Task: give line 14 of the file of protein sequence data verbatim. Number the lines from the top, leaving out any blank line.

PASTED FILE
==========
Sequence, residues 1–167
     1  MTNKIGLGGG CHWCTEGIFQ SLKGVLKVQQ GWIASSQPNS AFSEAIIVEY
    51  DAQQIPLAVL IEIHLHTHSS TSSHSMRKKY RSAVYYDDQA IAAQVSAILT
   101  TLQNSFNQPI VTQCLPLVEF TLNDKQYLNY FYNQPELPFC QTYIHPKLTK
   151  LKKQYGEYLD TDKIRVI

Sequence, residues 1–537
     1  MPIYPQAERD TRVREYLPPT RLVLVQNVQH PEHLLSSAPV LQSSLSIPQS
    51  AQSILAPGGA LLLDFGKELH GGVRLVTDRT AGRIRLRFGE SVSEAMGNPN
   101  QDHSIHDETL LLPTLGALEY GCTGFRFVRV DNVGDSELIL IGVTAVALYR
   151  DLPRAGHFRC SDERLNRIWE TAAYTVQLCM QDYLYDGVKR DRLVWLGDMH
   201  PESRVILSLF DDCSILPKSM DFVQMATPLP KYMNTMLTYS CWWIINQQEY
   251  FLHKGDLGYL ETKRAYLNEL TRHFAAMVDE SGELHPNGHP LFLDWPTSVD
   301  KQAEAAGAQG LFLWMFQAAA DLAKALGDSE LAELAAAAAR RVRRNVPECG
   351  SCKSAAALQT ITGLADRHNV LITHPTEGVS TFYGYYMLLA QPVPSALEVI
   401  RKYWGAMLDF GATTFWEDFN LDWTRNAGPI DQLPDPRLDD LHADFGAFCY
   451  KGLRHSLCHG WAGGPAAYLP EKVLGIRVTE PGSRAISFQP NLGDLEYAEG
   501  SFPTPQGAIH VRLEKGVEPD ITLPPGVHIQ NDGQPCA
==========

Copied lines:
   351  SCKSAAALQT ITGLADRHNV LITHPTEGVS TFYGYYMLLA QPVPSALEVI